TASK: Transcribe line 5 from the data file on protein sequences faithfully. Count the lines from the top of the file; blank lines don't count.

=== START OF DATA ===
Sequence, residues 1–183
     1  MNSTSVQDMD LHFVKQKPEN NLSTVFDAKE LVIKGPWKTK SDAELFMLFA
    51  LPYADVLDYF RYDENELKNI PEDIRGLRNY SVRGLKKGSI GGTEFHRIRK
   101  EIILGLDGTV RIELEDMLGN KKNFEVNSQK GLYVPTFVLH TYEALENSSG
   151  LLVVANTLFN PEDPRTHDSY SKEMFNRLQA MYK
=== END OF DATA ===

   151  LLVVANTLFN PEDPRTHDSY SKEMFNRLQA MYK